Designing and developing anything of consequence is incredibly challenging. – Jonny Ive
The great paradigm of design is that it involves a variety of disciplines which are ever-changing based on the task you want to accomplish. In the digital world, we have typically broken these disciplines into two categories: user interface (UI) and user experience (UX).
UI is simply the visual aesthetic that’s been created to define a product, service, site or idea. UX is a more emotional object that works with UI to decide how a user interacts with this product, service, site, or idea.
At Soulheart, our workflow combines both UI and UX into a single spectrum to help us deliver the best design experience possible. This focus benefits clients and users but it is a time-intensive process because it requires a higher level of attention to detail. In addition, it can be hard for the designer or developer to make sure both disciplines are covered in the right ways.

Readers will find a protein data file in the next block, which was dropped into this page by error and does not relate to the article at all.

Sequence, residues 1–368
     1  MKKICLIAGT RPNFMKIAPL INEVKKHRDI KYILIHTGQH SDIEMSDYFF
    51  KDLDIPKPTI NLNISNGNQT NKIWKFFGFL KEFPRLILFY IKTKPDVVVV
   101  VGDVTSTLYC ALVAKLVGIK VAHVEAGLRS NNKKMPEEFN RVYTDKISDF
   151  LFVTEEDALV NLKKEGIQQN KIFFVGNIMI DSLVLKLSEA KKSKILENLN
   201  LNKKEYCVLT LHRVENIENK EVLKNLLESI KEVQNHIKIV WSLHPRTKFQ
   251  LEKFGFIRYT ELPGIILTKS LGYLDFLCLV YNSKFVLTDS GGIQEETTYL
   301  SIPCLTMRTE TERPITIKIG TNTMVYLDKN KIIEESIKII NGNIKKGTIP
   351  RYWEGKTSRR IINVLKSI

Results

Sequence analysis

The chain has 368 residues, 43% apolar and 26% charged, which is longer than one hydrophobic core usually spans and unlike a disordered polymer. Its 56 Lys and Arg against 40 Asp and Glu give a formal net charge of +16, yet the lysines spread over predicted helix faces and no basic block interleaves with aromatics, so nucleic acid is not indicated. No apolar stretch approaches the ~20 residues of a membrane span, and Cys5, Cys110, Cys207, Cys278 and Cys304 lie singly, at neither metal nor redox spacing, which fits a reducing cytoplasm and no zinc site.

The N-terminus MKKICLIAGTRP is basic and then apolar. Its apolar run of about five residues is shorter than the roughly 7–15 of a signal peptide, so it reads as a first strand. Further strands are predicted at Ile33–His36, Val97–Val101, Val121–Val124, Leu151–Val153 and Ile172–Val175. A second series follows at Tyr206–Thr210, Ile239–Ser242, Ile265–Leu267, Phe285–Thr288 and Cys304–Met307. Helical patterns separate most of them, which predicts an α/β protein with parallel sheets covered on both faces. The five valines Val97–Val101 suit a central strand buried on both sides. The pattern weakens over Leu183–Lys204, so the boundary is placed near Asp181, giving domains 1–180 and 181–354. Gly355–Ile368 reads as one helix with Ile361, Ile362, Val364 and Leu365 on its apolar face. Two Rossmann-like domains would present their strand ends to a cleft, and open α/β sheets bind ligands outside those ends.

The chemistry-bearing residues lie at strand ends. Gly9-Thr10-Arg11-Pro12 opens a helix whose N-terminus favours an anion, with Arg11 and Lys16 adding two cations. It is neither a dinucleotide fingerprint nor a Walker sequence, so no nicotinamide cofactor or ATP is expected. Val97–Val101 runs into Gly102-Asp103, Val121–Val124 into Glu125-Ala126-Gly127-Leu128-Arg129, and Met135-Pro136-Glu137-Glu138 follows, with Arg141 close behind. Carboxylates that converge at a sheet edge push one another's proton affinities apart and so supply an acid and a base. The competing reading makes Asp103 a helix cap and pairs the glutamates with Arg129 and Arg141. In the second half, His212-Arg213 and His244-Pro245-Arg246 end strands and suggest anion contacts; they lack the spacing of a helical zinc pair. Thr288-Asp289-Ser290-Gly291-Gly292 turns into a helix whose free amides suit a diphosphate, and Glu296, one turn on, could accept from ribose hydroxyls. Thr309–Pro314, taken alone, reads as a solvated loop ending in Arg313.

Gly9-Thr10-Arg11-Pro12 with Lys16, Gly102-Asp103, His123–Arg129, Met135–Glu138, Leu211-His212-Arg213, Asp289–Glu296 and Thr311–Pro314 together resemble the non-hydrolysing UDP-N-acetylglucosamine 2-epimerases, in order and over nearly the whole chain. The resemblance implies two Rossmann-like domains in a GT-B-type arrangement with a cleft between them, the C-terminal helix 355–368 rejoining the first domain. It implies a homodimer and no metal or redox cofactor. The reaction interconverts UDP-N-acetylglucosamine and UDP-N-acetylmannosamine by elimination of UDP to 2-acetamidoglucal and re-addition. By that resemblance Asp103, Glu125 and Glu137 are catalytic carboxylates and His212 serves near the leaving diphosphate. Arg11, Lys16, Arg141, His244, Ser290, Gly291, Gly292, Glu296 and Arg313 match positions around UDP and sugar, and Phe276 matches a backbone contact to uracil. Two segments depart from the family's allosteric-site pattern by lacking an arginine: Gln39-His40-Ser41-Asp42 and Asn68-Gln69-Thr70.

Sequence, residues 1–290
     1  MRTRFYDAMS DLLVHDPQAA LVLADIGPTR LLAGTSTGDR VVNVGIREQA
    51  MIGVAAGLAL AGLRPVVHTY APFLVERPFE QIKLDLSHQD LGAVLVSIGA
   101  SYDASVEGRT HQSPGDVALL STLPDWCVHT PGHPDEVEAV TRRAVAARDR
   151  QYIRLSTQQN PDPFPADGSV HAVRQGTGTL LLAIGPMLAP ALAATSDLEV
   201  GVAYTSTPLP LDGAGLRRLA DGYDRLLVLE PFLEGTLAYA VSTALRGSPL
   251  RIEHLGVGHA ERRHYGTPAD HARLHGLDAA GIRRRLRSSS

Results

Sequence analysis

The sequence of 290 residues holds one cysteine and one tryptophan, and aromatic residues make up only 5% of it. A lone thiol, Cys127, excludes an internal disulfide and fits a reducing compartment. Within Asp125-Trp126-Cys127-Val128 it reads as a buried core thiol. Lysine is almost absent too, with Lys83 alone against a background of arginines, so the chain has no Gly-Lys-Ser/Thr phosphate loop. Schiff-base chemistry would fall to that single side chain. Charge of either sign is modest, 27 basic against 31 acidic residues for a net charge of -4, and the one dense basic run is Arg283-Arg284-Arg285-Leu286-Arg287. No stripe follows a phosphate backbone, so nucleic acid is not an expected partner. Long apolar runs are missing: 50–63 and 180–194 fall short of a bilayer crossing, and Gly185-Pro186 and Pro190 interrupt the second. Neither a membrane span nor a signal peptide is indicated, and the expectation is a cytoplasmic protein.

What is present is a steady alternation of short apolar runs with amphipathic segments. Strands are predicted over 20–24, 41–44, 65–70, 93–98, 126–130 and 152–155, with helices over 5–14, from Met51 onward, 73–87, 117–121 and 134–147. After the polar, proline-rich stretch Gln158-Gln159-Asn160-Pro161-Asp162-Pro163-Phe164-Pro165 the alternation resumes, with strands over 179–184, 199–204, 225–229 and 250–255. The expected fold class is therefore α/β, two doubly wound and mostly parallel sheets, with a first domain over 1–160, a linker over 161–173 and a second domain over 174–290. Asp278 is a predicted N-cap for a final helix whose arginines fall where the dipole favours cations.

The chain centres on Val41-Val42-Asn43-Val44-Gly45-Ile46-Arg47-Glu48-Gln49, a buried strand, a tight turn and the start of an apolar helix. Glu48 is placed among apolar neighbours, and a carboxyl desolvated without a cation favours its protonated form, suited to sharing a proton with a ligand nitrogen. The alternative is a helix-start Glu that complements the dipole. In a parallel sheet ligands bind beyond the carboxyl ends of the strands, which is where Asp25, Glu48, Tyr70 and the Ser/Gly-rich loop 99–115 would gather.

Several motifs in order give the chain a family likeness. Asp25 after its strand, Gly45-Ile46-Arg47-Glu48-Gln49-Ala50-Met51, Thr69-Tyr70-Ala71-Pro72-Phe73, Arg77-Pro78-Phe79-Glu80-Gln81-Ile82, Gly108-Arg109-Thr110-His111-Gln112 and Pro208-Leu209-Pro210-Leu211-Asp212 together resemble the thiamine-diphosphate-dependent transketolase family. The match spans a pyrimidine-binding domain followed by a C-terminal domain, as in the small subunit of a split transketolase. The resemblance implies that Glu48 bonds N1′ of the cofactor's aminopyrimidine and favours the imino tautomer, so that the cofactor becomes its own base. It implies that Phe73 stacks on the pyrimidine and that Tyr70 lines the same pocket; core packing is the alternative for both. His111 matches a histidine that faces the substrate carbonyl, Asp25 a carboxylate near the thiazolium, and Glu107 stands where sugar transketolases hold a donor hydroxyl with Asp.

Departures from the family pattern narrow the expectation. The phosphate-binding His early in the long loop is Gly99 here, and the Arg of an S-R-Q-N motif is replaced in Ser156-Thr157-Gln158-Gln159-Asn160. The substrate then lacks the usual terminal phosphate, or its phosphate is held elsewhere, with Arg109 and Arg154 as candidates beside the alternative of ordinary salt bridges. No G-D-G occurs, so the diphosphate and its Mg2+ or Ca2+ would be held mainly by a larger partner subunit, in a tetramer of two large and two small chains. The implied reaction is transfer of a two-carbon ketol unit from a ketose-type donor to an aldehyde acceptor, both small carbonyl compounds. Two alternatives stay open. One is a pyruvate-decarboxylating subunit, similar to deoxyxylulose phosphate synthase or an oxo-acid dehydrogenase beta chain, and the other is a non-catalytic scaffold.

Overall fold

However, the reward is beautiful.
We believe design is more than an interface. Instead, it’s a way of thinking about solving problems in the world. It considers both the visual aesthetic, the experience, and it helps paint a story of why. The why can be different for each project. Maybe it’s why the problem exists in the first place or why this particular solution is the best one available. Or perhaps, it’s more simple: why bother?
Steve Jobs once told a story about helping his dad create solid wood cabinets. His dad shared the reason why would use a veneer in the back, even when it would be seen. It wasn’t that the buyer would know, but because he, the maker of the cabinet, would. Attention to detail like that matters if you want to stay true to yourself and deliver the best product possible.
In our experience, this story is completely true. It’s why we have a strong focus on UI/UX. The visual design is as important as the design and structure of our code. The user experience is just as important as the server setup or content on a page.
We’ll be sharing specifics soon about how our team structures our workflow, our code, our prototypes, and more. However, to begin the path of design-thinking, you have to start with the little things. It’s the things that seem so insignificant that anyone could do them that often are the most significant in being successful.